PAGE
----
Agreeing to child custody changes outside of court may affect future proceedings to modify a court-ordered parenting plan. A January 9, 2017 Tennessee child custody case before the Court of Appeals of Tennessee illustrates the complexities of this issue. The appeal arose out of the modification of a parenting plan in a post-divorce action.
The parents in the case had divorced in 2010, and a permanent parenting plan was adopted as part of the divorce decree. Under that plan, the parents were awarded equal parenting time. When the child started school in 2012, however, the parents informally modified the parenting schedule, since the parents were living in different counties. Their arrangement provided the father with parenting time every other weekend, with holidays and school breaks split equally. In 2015, the mother sought court approval of their informal arrangement by filing a petition to modify. When the trial court adopted the mother’s proposed plan, the father appealed.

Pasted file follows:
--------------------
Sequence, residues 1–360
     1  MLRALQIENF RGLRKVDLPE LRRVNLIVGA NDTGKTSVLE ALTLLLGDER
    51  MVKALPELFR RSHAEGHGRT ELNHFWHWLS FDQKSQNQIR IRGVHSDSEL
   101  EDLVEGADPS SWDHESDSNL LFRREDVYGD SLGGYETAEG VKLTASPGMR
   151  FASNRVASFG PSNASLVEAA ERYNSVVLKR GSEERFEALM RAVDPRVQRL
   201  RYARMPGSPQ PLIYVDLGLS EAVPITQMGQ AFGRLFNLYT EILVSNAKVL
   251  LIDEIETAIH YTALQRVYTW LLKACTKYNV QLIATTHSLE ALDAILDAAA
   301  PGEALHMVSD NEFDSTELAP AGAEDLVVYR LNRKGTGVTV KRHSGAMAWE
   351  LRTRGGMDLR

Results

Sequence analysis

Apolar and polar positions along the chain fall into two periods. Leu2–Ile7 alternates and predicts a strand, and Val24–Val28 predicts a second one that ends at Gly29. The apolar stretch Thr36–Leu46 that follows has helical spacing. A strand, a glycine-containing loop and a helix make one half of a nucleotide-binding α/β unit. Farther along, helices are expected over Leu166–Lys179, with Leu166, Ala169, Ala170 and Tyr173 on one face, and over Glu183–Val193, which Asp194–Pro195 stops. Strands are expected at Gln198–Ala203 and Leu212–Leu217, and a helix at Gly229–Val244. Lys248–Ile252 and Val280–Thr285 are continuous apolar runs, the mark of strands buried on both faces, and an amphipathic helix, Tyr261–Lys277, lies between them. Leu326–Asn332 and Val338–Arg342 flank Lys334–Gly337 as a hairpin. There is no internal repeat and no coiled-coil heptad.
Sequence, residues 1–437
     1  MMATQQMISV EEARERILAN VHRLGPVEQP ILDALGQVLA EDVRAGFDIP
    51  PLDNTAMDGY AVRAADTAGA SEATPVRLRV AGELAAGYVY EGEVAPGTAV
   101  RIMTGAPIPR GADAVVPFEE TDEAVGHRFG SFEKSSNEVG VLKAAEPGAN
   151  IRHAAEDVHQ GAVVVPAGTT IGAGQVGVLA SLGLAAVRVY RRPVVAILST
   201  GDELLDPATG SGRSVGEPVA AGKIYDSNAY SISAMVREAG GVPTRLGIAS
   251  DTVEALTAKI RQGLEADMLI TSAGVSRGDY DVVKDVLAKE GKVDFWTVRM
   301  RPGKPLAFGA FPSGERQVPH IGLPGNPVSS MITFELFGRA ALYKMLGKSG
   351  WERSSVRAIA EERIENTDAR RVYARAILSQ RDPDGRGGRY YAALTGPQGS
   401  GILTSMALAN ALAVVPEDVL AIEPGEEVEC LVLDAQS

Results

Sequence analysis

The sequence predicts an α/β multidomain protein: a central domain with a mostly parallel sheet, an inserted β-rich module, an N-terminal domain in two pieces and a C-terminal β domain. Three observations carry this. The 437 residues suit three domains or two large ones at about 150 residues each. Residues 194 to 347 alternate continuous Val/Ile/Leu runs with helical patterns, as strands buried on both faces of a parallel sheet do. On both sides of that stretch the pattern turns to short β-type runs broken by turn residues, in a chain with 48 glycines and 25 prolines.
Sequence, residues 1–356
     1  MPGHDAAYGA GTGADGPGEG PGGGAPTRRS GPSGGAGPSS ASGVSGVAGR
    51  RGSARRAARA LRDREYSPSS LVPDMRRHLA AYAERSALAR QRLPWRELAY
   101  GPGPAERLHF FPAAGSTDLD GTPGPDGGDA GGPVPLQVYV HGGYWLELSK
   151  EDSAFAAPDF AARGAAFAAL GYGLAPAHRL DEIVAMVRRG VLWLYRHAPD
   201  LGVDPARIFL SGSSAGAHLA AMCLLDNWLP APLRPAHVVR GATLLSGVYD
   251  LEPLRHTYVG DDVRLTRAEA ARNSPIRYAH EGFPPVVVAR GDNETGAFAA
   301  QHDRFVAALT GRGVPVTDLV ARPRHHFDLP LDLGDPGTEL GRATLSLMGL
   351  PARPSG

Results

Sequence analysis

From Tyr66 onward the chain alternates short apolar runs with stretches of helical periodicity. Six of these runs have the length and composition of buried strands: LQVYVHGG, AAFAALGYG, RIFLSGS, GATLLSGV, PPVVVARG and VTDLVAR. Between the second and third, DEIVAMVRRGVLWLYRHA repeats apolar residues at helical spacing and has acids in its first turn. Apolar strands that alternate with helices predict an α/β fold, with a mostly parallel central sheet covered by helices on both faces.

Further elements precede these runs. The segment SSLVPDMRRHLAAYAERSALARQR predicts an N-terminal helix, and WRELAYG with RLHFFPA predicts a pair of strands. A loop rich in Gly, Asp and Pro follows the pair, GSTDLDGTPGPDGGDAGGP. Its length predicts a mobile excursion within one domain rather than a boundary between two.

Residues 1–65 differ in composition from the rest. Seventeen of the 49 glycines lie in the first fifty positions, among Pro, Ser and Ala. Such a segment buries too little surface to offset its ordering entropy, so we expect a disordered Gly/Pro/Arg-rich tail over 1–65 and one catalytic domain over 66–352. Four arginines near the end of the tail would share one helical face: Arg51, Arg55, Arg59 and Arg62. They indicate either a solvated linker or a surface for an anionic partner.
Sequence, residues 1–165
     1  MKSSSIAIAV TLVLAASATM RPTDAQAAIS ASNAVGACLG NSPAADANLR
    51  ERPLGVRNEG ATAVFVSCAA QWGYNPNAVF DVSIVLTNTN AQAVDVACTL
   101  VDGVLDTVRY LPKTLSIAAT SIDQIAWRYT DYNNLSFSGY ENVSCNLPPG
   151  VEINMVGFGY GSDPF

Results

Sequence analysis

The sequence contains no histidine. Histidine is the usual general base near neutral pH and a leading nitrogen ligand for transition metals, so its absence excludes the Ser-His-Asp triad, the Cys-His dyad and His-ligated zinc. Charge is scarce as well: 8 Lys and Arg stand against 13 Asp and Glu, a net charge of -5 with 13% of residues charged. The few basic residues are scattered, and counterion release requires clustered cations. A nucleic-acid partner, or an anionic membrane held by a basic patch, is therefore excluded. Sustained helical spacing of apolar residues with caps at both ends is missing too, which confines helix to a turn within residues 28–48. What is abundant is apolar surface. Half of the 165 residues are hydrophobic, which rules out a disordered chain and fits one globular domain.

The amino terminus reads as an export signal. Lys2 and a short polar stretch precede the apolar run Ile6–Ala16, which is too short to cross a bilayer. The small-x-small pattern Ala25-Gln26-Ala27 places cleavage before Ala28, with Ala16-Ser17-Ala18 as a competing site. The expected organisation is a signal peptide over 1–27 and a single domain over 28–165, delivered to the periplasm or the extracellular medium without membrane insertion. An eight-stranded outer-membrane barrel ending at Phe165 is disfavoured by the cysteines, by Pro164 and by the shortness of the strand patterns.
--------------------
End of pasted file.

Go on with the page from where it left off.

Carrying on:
In Tennessee, the modification of an existing parenting plan requires the parent who seeks the change to prove that a material change of circumstances exists that affects the child’s best interest. Unlike the process to switch the primary residential parent, the threshold to establish a material change of circumstances is very low when the court is merely changing a parenting schedule. As a result, a material change of circumstances may include, but is not limited to, a failure to adhere to the parenting plan under the relevant statute.